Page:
It’s been years since I first thought about doing a cartoon on this subject, but I only figured out how to articulate it the other day, shortly after last week’s Republican debate in the Reagan Library.
Those who saw the debate may have noticed that the biggest applause line of the night was Brian Williams’ pointing out the fact that Rick Perry, the current leader for the Republican Presidential nomination in 2012, has executed 234 people during his term as the Governor of Texas–”More than any other governor in modern memory.”
The question that followed was roughly, “Do you ever find it difficult to sleep, wondering if any of the people you put to death may have been innocent?” and Perry’s response was chilling. I appreciated that Williams asked something like this, especially after the first half of the debate was mostly slow-pitch softball, but he still didn’t really knock it out of the park by bringing up any specific examples.
One such example, the one that made me first take notice of this topic years ago, concerned the case of Cameron Todd Willingham, a Texas man convicted of arson and murder after his family died in a 1991 house fire. Willingham consistently maintained his innocence throughout his trial and incarceration, refusing to plead guilty in exchange for life in prison because he could not take responsibility for something he didn’t do. He languished on death row for over ten years, appealing to Governor Perry for clemency, but was ignored and finally executed in February, 2004. Both before and after, there were serious concerns about the evidence used to convict Willingham, and several independent investigations afterwards concluded that he was surely not guilty, as he’d claimed all along.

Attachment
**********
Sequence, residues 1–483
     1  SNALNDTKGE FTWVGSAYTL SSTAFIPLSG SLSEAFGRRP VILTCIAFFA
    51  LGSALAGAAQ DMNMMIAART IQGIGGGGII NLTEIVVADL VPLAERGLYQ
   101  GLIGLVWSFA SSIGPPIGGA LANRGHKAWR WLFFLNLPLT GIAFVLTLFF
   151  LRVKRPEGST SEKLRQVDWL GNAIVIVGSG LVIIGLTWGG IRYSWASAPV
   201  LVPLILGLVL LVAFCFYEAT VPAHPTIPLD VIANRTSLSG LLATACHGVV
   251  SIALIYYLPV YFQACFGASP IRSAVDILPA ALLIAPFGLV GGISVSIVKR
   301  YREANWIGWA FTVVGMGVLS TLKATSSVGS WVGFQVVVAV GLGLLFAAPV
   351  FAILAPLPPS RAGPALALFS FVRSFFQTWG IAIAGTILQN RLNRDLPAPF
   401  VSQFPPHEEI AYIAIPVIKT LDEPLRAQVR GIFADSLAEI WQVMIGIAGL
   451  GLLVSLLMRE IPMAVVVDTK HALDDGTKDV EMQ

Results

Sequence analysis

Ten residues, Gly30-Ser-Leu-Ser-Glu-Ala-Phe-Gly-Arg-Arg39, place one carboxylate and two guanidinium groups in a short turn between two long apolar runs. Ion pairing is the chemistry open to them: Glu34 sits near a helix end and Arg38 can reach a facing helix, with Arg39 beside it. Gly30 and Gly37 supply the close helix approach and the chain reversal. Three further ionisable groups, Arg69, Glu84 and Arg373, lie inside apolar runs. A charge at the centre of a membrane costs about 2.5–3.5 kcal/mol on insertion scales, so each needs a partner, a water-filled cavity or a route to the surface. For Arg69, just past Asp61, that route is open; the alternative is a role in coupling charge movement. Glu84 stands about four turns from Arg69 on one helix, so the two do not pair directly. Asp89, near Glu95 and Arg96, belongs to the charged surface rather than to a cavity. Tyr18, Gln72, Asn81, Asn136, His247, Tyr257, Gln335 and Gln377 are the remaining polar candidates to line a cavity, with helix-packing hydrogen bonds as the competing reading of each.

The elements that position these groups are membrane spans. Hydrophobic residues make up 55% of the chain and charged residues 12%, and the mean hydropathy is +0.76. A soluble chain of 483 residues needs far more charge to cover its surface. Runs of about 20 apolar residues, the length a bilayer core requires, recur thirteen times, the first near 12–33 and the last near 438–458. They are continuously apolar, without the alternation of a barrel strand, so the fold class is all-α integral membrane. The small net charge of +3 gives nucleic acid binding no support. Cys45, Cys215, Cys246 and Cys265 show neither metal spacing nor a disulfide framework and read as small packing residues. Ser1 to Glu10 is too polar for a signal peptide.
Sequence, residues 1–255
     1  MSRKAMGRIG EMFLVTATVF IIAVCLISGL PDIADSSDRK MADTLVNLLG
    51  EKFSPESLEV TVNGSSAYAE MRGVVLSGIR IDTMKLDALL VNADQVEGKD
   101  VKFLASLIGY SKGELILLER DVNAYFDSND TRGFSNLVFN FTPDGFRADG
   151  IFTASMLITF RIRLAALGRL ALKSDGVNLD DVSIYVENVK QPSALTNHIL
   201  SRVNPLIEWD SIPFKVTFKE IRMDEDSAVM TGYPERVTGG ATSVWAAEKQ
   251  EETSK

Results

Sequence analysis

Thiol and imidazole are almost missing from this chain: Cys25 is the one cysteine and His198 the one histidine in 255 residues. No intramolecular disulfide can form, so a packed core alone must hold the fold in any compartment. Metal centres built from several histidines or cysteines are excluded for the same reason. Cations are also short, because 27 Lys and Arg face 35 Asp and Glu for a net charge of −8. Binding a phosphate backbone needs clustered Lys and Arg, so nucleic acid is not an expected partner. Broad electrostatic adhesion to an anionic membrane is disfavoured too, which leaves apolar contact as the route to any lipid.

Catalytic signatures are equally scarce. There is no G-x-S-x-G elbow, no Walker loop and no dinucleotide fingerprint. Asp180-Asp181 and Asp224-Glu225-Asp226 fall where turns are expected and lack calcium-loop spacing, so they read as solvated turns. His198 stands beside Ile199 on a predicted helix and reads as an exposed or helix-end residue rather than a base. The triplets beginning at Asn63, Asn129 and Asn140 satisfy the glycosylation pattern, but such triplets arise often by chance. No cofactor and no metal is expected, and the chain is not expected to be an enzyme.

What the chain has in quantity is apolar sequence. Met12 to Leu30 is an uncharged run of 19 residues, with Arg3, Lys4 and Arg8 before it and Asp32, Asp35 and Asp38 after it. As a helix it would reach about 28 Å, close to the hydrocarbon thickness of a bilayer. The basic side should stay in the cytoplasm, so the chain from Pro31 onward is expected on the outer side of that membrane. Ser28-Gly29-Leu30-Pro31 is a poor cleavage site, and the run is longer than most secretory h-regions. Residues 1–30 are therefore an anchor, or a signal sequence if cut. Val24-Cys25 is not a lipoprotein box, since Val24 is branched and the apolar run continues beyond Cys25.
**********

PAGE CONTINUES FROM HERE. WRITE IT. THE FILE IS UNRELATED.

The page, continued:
Generally speaking, this case, and others like it, are good arguments against the death penalty. If you execute a person who’s later proven to have been innocent, there’s nothing you can do to make up for your mistake. “My bad” doesn’t do the wrongfully accused much good after he’s dead. In this specific case, the mistakes leading to conviction were known well before the execution was carried out, and Governors Bush and Perry both had plenty of time to intercede on Willingham’s behalf.
Alas, both were compassionless morons, and members of an ever-more-openly bloodthirsty political party. I missed the CNN debate on Monday of this week, because the last CNN debate was godawful. However, I did see a few highlights from it on Tuesday’s episode of The Daily Show, which included Wolf Blitzer posing an idiotic hypothetical about whether a 30-year-old without health insurance who falls into a coma should be treated by the state or allowed to perish, and several people in the audience cheering and shouting “Let him die!!”
That’s the “pro-life” crowd for ya.